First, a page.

Nothing About Us Without Us, a Week Without Driving and Improving Voter Participation 

Friends and neighbors, 

My second session and a legislator starts at the beginning of January. Last year we had some good successes, but we still have a lot of work to do on important issues like improving voter participation, representation in government, health care affordability for older adults and people with disabilities on Medicare, as well as addressing childhood sexual abuse. 

Recap of our community conversation in October 

Thank you to everyone who took the time to attend my October Community Conversation in Lake City. It was a privilege to be able to gather in community with all of you. Thank you for letting me share updates about the work I’ve done since taking my oath of office, and for taking the time to meet up so I could hear from you about issues that matter to you the most. I will be hosting more events like this in the future and look forward to seeing you there. It is an honor to serve the 46th district. 

Week Without Driving and Nothing About Us Without Us 

Lake City at night doesn’t feel safe. Vehicle collisions or pedestrian-involved incidents could happen at any minute. Before getting elected, I supported Week Without Driving as part of my day job which is a way to show how more pedestrian-friendly transportation options help to reduce transportation related incidents and furthers our climate goals. This can’t happen unless the people and communities affected by transportation barriers have a seat at the table to help us fill in the gaps in multimodal transit. These gaps include sidewalk access, easier access to light rail, and improved bus services.  

For instance, King County Metro has been trying to reduce bus lines along Lake City Way- a majority minority neighborhood- which would hurt communities who rely on busses as their main mode of transportation to get to work and school. The entire 46th delegation collaborated with Councilmember Dembowski to meet with King County Metro to push back against this and insist that Lake City busses be protected. I will advocate for continued funding from the legislature to protect these lines as well as increase connection with link light rail. 

(Photo Credit – LSS Photography) 

This just goes to show how important it is to have representation from affected communities at the table when decisions are made. It isn’t possible to make effective policy decisions if impacted communities aren’t included in the process, without people with direct lived experience we will continue to create unintended consequences. That is why I will be pushing harder than ever for the Nothing About Us Without Us act this session. It is a smart step to make sure our neighbors with lived experiences are represented, our decisions well thought out, and truly improve the lives of our constituents.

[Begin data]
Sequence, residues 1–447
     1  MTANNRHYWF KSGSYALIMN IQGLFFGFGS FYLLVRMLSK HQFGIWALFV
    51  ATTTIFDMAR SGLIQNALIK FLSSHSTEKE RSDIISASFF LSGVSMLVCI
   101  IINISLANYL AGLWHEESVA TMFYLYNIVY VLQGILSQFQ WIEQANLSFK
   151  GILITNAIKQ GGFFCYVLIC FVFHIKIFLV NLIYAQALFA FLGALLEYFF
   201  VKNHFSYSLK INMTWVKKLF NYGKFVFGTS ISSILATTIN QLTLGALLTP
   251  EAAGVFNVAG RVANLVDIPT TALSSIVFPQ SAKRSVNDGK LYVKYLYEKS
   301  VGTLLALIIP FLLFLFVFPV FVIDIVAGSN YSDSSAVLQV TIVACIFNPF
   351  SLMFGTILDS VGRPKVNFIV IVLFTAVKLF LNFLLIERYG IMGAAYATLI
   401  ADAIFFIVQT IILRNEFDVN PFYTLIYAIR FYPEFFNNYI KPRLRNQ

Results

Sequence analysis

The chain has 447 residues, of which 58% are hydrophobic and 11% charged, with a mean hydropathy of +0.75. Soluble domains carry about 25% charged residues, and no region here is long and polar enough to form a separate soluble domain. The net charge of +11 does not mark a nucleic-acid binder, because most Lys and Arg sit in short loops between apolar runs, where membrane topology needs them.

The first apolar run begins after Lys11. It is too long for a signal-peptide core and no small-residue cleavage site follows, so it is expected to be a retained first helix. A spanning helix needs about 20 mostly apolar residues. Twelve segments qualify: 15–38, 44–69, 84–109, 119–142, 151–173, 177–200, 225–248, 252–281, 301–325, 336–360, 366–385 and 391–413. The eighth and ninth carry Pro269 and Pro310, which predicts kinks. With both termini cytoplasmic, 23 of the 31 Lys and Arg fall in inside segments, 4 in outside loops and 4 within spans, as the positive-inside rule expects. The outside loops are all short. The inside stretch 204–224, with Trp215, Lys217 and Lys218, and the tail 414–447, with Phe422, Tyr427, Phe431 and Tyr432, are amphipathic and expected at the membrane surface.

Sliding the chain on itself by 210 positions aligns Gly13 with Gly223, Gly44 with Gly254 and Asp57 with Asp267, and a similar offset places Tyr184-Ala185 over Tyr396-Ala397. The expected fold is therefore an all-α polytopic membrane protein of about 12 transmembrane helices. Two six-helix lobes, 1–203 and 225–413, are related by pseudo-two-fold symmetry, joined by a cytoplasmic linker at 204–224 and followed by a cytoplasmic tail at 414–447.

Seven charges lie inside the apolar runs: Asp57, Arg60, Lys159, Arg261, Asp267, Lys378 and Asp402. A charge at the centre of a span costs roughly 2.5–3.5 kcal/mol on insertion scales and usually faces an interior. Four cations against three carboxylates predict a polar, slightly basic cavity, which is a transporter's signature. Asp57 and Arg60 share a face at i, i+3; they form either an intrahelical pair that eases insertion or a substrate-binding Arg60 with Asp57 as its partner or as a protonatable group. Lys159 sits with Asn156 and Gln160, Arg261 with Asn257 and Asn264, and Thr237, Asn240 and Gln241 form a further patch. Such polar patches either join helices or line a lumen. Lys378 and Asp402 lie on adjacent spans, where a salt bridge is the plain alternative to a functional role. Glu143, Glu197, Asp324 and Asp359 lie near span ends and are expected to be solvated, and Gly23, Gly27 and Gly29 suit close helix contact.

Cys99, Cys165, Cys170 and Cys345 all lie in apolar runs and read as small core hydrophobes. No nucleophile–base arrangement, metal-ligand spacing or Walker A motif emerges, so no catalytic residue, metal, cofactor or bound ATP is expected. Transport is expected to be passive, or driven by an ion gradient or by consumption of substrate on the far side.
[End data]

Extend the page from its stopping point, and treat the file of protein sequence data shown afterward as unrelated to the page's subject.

King County Legislative Forum on Behavioral Health 

It was surreal to attend the King County Legislative Forum on Behavioral Health as a state representative! I’ve attended this event for years as an advocate and to be up on the stage this year with my elected colleagues was truly a dream come true. I remember watching from the audience at Representative Davis’s first time attending as a legislator and was glad to share my first time with her too. We heard powerful stories of folks in recovery, and I shared about some of my legislative priorities as well. This session we are going back for more funding for valuable behavioral health diversion programs in King County, specifically, the Legal Intervention and Network of Care (LINC) and the Law Enforcement Assisted Diversion program (LEAD), getting identification on exit for folks leaving the Department of Corrections and state hospitals and creating more opportunities for the criminal legal system to divert low level charges. And of course, I’m working very hard to make sure we institutionalize our commitment to taking direction from people with direct lived experience through the Nothing About Us Without Us Act. 

Recent trip to the White House 

It was an honor to be sent to the White House for the Washington State Legislature! We learned about the depth of investments our federal partners have provided through transportation, clean energy, and healthcare. Because of their investments we were able to provide quality affordable healthcare to 230,000 Washingtonians. We are so grateful AND we need more support with behavioral health. Even after hundreds of millions of dollars invested in behavioral health this session, we are far from meeting our goals.  

I’ve asked the White House and our congressional partners to please invest in behavioral health workforce so that more will join the field and be able to stay. I spoke with our delegation about the fantastic co-responder, mobile crisis, crisis stabilization and receiving centers, permanent supportive housing, and other innovative programs. For them to work, we need a robust behavioral health workforce, and we need our federal partners to be a strong pillar in our multijurisdictional approach. I am committed to working on this.  

Improving voter participation 

This year’s election turnout was abysmal. This is continuing a trend we’ve seen over the last five years. It is clear that we need to do more to improve access to voting. One way I am working on improving voter participation is by sponsoring legislation to give counties and cities the option to move their elections to even years – putting them on the ballot with presidential and state-wide races. This will help improve voter participation and will strengthen our democracy. 

The Seattle Times recently published a great article on this specific issue. 

Thank you for your continued engagement with the legislative process. I look forward to hearing from you as we move into the legislative session. 

In service, 

Rep. Darya Farivar